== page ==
COURTESY OF SHEDOESTHECITY

New allegations against prominent men in Hollywood are becoming public on an almost daily basis, threatening to topple the careers of prolific figures such as Ben AffleckLouis CK, and Jeffrey Tambor. All told, recent events have made it difficult not to equate being a female filmmaker with inevitable victimization.

When I arrived at a loft in the west end on November 17 for a panel on female leaders in Canadian film, I was expecting these current events to set the mood for the discussion. The panel was one of several events hosted this past weekend by Shedoesthecity, a Toronto-based lifestyle website, as part of their 10th anniversary celebrations. The event was co-presented by Telefilm Canada and began at 8:30 am, which made it all the more surprising to find that, far from the doom-and-gloom-type atmosphere I was anticipating, the room was buzzing with an excited energy.

The seemingly unending bad news from Hollywood was alluded to briefly before being set aside for a focus on the good: the fact that, slowly but surely, women are gaining ground in the film industry. “This feels like a tipping point,” said Jen McNeely, Shedoesthecity founder and editor-in-chief obefore officially kicking off the event.

The panel discussion, moderated by Amanda Brugel, who plays Rita on Hulu’s adaptation of Margaret Atwood’s The Handmaid’s Tale, featured four Toronto women who have had success in film: cinematographer Maya Bankovic; writer and director Molly McGlynn; Joanna Miles, Vice President of Marketing at Entertainment One Films; and Vice President of Advancement for Toronto International Film Festival (TIFF) maxine bailey, who spells her name in the lower case.

As much as this was visibly a woman-centric event — an all female panel, hosted in the shockingly beautiful headquarters of Knixwear, a Toronto-based, women-led lingerie startup — the emphasis was less on the sex of the panelists and more on their identities as filmmakers: their stories, their achievements, and their goals for the future. The fact that the event’s official title makes no mention of gender, simply billed as a “Leaders in Canadian Film” panel, may reflect a deliberate attempt by the organizers to avoid undermining their guests’ accomplishments by placing them in the ‘movies made by chicks’ box.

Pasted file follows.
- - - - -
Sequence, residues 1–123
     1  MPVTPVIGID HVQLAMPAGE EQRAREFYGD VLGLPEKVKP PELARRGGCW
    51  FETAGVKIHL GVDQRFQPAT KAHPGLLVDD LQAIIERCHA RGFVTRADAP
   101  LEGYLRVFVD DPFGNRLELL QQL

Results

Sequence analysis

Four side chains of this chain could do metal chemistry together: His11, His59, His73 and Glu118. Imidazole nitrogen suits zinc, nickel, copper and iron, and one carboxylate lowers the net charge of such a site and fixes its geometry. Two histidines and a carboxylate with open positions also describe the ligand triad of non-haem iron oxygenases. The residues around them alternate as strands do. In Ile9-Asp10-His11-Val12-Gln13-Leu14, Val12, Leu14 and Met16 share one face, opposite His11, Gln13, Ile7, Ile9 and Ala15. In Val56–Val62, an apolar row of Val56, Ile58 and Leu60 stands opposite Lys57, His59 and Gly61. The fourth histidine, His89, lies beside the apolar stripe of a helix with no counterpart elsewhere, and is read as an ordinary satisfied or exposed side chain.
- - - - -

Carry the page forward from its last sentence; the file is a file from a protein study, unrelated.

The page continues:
None of which is to say that gender did not have a presence. There can be no separating being a woman from one’s experience in the film industry. In 2016, women directed a dismal seven per cent of the top 250 highest-grossing films at the American box office. Between the panelists and their audience, almost entirely women, there was a tacit understanding of the travails that are part and parcel of being a female creator — or perhaps just being female — that set the tone for the discussion.

This much was clear in one interesting moment after McGlynn, responding to a question about asking others for help, gave an answer that seemed to resonate: “Don’t diminish yourself to make other people comfortable.” Amid the ensuing applause, a number of people around me let out an audible sigh — a couple chuckled darkly. In both cases, the message was clear: ‘I know exactly what you’re talking about.’

There is still a ways to go before women stand on equal footing in ‘the biz.’ While Bankovic pointed out that advances in technology have made it easier for diverse populations to produce professional-quality films, bigger change still needs to happen for women to get a foothold in bigger-budget movies. “We have to do better. We have to demand better,” said bailey.

At TIFF, bailey has helped create the Share Her Journey initiative to create more opportunities for women in film over the next five years. But she also reminded the audience that the onus was just as much on them to enact change, saying, “It’s about voting with your pocketbook.” Buying tickets for films made by diverse casts and crews tells production companies they’re doing something right — all the more reason to look forward to the Wonder Woman sequel.

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